Personally, I think that ESD should continue to remain in our heads so we stay cautious, but..
Unlike ancient parts (early CMOS etc), modern ICs are build with the awareness of false use in mind.

Whereas ICs used to be a domain of professionals and (educated) electronics amateurs, it's mainstream stuff now.
- In pratice, in electronics stores, you can/have to grab them by using your bare hands (they are stored in little boxes in shelves).
Hence, I suppose modern ICs do contain simple counter measurements, at least, in order to widstand little shocks.

That being said, some very old resistor-resistor logic, Diode logic, transistor-transistor logic (TTL) or NMOS design
might be less prone to be killed by static discharge than a semi-modern parts, due to being based on a more primitive, rugged design..

Edit: Sorry for my poor English. :(

"Time, it seems, doesn't flow. For some it's fast, for some it's slow.
In what to one race is no time at all, another race can rise and fall..." - The Minstrel

//My video channel//

Reply 19 of 24, by dionb

User metadata
Rank l33t++
Rank
l33t++
wiretap wrote:

Touching something to "ground" yourself beforehand doesn't really do anything, since just brushing up against your own clothing or handling items generates static buildup. Plus, people usually think just touching a piece of metal will ground you.. it does not, since all you're doing is transferring voltage potential between objects. The next time you touch a component, you will still not be at earth ground levels. By the same token, your component could be at a higher voltage potential than you, and when you touch it, the fast transfer of electricity damages it. It is best just to buy a $3 wrist strap with a high resistance drain (slow discharge to prevent damage) and a grounded mat for less than $20.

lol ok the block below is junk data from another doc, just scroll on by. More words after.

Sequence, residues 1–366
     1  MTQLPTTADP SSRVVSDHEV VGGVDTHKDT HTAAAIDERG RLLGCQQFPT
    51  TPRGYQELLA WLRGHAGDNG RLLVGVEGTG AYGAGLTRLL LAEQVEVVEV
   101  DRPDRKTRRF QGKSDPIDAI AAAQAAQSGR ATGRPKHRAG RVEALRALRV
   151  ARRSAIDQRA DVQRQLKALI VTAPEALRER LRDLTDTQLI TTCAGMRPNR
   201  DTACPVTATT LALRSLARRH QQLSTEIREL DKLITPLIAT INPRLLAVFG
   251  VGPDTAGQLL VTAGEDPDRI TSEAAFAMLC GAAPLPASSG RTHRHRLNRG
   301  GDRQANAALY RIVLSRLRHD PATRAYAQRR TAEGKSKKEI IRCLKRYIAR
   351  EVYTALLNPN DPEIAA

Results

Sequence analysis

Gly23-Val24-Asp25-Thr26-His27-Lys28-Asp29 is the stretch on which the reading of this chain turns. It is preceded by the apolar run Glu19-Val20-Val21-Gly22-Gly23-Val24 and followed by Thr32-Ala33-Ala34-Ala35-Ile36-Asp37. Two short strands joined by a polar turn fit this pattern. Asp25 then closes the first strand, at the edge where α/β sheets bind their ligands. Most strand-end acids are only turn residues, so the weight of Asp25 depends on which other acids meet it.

Agreed that that is best practice, but touching the casing does make sense. What's relevant is not that everything is at perfect ground level (which is by no means uniform or constant itself, 'ground' on one side of a building could be significantly different to 'ground' on the other), but that there is no voltage difference between the system you are working on, the component you intend to handle and your hand. If you are holding the antistatic bag the component is in, it will bleed charge so that the contents is at same voltage as your hand, and touching the metal chassis will equalize your hand with the system. So unless you add new charge from somewhere else, no sparks will fly. If you're wearing clothes that generate static, you're wearing the wrong clothes for messing with computers.

[...]

I send dozens of components out for failure analysis per year at work, and I can tell when one of our techs handles something improperly, because the electron microscope and x-ray images don't lie.

Would love to have those kind of resources 😀